After a 20-year tenure at Royal Lodge, time is up for the Duke of York.
The King is preparing to withdraw private funding for security at the 30-room property in Windsor, which Prince Andrew has lived in since 2003 and shares with his ex-wife Sarah Ferguson, Duchess of York, The Telegraph understands.
This means that if he wants to continue living in the Lodge, the Duke will need to find a small fortune to fund extensive repairs and maintain multimillion-pound security at the property – or else, hand over the keys.
It is a bluer January than usual for the beleaguered Duke. A tranche of US court documents published at the beginning of this year is putting him under fresh scrutiny over his friendship with the late convicted sex offender Jeffrey Epstein.
The legal papers related to a 2015 defamation case brought against Ghislaine Maxwell by Virginia Giuffre, who accused Andrew of abusing her as a teenager.
Sir Keir Starmer, the Labour leader and former director of public prosecutions, has backed calls for Sotland Yard to investigate. The Duke denies any wrongdoing.
The King is reportedly keener than ever for his brother to downsize and will not pay for round-the-clock security at the Royal Lodge indefinitely.
For his part, the Duke is said to be going nowhere fast, with friends telling The Telegraph last May that he intends to honour the 55 years left on his lease.
The Duke’s lease does indeed give him the right to live in the property until 2078, but the contract is understood to include a clause that he must maintain it to an appropriate standard.
With no visible income to speak of, it will be tough to cough up for essential repairs. So, if a moving van does pay a visit to the Royal Lodge, where could the Duke go next?
Previous attempts to relocate Prince Andrew to the Duke and Duchess of Sussex’s former marital home have failed, but it remains the most realistic option on the table.
If the Duke can be persuaded to move into the cottage dubbed “the outpost of the outcasts”, at least he will find it refurbished to a high standard – it was Soho House-ified by the Sussexes in 2019 and would mean the Duke could remain on the Windsor estate.
However, he would be dramatically downsizing.
St James’s Palace
As several apartments are used by other members of the Royal family, including his daughter Beatrice and the Princess Royal, St James’s Palace remains the second most likely scenario.
Pro: town centre location. Con: shared with several other members of the Royal family (and their household offices).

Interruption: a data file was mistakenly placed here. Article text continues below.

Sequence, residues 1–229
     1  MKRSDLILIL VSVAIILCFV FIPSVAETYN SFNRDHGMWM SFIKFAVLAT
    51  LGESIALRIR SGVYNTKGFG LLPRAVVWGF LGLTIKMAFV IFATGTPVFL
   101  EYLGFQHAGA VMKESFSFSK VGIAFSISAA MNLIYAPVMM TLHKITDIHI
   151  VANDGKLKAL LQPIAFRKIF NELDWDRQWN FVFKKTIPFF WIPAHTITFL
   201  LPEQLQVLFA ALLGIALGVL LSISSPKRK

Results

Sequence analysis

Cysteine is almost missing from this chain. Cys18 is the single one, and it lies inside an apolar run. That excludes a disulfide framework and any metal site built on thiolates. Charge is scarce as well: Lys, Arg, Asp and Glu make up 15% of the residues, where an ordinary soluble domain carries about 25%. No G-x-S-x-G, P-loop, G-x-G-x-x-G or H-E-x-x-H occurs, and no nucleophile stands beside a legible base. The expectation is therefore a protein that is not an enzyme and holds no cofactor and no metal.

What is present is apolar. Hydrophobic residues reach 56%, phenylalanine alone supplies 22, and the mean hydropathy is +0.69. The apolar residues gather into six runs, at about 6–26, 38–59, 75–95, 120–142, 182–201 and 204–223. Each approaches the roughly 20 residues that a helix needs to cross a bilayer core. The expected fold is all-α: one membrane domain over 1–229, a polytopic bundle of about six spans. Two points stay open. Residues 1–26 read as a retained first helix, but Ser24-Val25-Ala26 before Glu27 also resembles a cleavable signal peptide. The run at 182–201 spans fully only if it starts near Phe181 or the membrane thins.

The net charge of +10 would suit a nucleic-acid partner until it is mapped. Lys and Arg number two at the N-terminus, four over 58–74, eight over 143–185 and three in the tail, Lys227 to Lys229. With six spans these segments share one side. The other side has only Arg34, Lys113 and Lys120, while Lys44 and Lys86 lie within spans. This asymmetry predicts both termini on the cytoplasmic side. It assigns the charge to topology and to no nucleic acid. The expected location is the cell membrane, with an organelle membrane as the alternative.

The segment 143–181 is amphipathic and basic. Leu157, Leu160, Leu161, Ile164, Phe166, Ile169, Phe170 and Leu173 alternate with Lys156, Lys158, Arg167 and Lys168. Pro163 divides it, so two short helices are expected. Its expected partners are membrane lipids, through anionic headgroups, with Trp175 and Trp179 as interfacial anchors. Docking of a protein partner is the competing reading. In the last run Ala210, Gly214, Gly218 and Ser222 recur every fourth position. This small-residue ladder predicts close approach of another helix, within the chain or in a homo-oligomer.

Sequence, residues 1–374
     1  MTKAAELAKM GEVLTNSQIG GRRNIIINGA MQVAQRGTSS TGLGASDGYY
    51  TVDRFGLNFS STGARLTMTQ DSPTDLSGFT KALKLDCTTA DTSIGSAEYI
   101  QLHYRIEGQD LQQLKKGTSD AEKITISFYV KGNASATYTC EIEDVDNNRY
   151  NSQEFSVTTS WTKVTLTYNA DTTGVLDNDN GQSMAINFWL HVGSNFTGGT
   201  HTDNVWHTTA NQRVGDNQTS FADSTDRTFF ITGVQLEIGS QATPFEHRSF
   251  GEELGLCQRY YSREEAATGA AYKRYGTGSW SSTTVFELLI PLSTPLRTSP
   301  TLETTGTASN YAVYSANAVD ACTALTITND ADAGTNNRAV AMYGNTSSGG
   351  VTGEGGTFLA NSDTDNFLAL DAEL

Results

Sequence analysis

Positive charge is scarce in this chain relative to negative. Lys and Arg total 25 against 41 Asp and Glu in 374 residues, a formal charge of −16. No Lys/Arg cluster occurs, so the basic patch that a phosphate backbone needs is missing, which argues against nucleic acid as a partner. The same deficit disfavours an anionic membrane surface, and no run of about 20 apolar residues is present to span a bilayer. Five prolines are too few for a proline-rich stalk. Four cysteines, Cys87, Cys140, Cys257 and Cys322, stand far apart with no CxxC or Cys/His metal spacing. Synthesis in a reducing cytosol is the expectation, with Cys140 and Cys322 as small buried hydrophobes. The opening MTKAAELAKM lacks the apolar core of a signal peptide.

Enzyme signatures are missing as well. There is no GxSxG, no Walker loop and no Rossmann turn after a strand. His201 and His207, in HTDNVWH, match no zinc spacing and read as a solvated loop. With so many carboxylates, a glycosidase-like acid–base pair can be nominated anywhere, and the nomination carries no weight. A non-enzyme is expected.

If he swerves the spare’s digs, the Duke could go for the heir’s: the Prince and Princess of Wales’s apartment 1A in Kensington Palace – refurbished at huge public expense – is currently sitting empty.
The Duke’s neighbours would be the Gloucesters and the Kents, as well as many royal staff.
However, it would go against the King’s wishes for the Duke to downsize. There are several other apartments at Kensington Palace also understood to be empty, but a move back to London is thought to be unlikely.
The Duke has already been turfed out of his office and private rooms there. But the vast palace is going to prove a problem for the King when the 10-year refurbishment is finished as he will have to justify the cost.
In truth, no member of the Royal family is particularly keen to live here as it’s too much of a goldfish bowl. Boasting 775 rooms, including 240 bedrooms, the palace would be a mighty upgrade on the Duke’s current digs.
But it is extremely unlikely, given his previous eviction and lack of status as a working royal.
King Charles’s private home was bought by the Duchy of Cornwall and leased to him for life. Perhaps he could spare a few rooms for his brother. Or pigs might fly.
There are plenty of apartments up for grabs at Windsor, the largest occupied castle in the world, but it would perhaps be considered too grand for the Duke.
He would also risk butting heads with his brother the King, who spends a lot of time there. It is also rumoured to have been earmarked for the Prince and Princess of Wales.
Wood Farm on the Sandringham estate has been vacant since the death of Prince Philip, who lived there in his retirement. Close to the coast, it has been described as “quite remote and very ungrand – the perfect bolthole”.
This would fulfil the King’s wishes and keep the Duke out of sight, out of mind, in altogether more humble surroundings. The Yorks used it as their base this Christmas, and reportedly last Christmas, too.
Castle of Mey
Should the King wish the Duke to be a literal outcast, he could be sent to the Castle of Mey, on the north coast of Scotland, roughly six miles west of John o’ Groats.
The castle was derelict until it was refurbished by the Queen Mother in the mid-1950s. The King spends a few days here over the summer.
Finally, if the King really wants to be rid of Andrew, he could also pass on his houses near Zalanpatak and Viscri in Transylvania.
King Charles owns several estates in Transylvania where a great-great grandmother of his mother Queen Elizabeth II, Hungarian Countess Klaudia Rhedey, was born and raised in the 19th century.